Especially challenging was locating appropriate plant material. “You’ve got to get the plants right,” says Mills. Frustrated by the cycles of fashion in gardening and how plant availability changes with time, Mills was hitting a wall in her attempts to replicate varieties when she discovered a compost pile on the property with sprigs of discarded perennials poking through the rubble. Apparently, the caretaking nursery had tossed the plants and replaced them with the afore-mentioned annuals. Unearthed and reinserted into the landscape were varieties not easily found in today’s market, making the garden particularly exceptional.

Mills realized that remaining totally in the past would be the undoing of the Farm House garden. Much had changed since the landscape was originally conceived, and a successful plan would need to incorporate current horticultural practices. For Mills this meant adding pollinator plants and the drama of contemporary dahlias. Given 80-foot perennial beds, she had plenty of space to make that happen while remaining faithful to the layering that was the “spirit” of the place. Where prudent, she substituted plants that would survive the climate better than original selections. She incorporated a pergola based on a 1906 design installed in a nearby garden and added to the collection of period-authentic landscape ornaments. Like Mildred McCormick, Mills loves to arrange cut flowers for the house, a pursuit that demands a variety of shapes, heights, and densities of form, which she weaves into the borders. Mills’s savvy stewardship has created another era in the continuity of love lavished on the land.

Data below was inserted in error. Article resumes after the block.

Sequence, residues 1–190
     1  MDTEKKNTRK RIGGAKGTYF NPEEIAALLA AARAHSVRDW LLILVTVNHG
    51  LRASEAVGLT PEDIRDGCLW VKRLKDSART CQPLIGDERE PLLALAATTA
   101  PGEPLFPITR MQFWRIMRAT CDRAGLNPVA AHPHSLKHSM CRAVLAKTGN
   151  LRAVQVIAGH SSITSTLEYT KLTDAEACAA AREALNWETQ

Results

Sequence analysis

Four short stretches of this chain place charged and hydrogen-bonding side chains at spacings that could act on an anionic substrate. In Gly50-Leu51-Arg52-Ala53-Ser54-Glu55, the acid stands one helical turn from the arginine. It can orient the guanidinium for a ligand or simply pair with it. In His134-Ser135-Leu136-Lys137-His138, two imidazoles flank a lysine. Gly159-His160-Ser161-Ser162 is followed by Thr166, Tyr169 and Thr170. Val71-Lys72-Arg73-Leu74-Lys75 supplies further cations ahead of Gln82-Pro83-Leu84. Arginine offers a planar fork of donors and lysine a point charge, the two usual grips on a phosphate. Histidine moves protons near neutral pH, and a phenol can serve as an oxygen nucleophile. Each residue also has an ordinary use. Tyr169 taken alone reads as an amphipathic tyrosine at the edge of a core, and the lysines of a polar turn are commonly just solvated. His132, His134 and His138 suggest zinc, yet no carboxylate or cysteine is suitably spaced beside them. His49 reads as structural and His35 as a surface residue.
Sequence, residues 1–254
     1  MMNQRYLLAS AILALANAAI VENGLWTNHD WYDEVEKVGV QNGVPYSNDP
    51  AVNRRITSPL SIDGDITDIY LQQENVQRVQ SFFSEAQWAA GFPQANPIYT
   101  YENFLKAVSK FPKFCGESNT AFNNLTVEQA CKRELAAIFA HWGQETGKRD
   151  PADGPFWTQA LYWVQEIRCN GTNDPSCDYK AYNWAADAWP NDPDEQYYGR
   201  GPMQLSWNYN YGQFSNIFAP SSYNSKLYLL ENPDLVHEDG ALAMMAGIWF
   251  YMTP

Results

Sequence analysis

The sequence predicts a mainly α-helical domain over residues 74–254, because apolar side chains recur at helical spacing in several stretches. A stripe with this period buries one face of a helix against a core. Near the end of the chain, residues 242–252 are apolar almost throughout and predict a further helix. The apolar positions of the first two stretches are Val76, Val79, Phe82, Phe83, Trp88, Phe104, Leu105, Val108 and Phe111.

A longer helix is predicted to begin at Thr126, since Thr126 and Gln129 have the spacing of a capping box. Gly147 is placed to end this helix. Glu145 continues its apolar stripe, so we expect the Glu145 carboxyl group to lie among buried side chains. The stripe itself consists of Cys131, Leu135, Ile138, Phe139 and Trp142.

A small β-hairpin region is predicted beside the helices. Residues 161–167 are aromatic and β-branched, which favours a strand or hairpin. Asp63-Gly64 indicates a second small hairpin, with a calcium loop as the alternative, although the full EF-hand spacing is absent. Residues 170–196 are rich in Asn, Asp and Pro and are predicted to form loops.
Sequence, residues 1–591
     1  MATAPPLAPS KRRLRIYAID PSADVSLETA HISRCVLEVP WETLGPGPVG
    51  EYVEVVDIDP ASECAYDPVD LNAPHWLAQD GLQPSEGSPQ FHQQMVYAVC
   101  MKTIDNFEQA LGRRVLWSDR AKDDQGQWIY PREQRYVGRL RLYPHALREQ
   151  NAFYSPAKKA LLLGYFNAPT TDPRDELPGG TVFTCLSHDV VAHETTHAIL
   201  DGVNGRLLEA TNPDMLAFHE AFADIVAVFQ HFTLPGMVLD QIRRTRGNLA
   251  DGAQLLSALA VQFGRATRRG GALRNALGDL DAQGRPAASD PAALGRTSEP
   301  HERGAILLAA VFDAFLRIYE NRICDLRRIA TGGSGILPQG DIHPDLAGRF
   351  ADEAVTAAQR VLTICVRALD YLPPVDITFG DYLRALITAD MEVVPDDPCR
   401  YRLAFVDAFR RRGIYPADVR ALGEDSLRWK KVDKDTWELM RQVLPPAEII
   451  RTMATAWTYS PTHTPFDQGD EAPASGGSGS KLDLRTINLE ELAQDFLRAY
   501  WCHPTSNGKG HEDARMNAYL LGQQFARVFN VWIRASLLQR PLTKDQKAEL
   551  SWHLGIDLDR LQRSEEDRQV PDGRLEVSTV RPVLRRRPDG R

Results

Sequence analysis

Every garden should be this lucky.

Pink Hydrangeas embrace a bench.
Hydrangeas embrace a bench.

Aging Gracefully: The Garden Version


As a steward, Betsy Mills had to make some hard choices, but those decisions steered her inherited garden into its current level of perfection while addressing the practicalities of caring for the property. The Farm House garden is no longer tended by the army of gardeners that fussed over its flowers in Aunt Mildred’s day. Instead, Mills is aided by local gardener Ray Turner.  Coastal  gardeners can learn from revelations gathered during the renovation process.

  • Not only do gardens evolve with maturity, but climates change. For example, plants such as delphiniums that looked spectacular in vintage photos fail to perform in the current microclimate. Reassessing for current conditions is critical.
  • Although Mills benefited from researching the original plant list, she found that the phlox that was once an important player in the garden was too often riddled with powdery mildew. Finding improved varieties such as Phlox ‘David’ proved essential.
  • When selecting stand-ins for plants that were a pivotal part of the scheme, she carefully sought close substitutes that provided the same color, texture, and height as original selections.
  • She studied the original plans for structures that were never installed, such as the hexagonal teahouse added under her stewardship.
  • Continuity is everything and Mills was respectful of the original plan, but, she says, “I also called in the experts to help keep the history intact.” Like many modern gardeners, Mills has come to realize that pollinators are critical to the greater gardening scheme and added flowers that attract beneficial insects.
  • Expanding the garden is valid. “I wanted more destinations,” says Mills, “so I made more garden rooms, knowing that Beatrix Farrand’s style was based on creating intimate destinations.”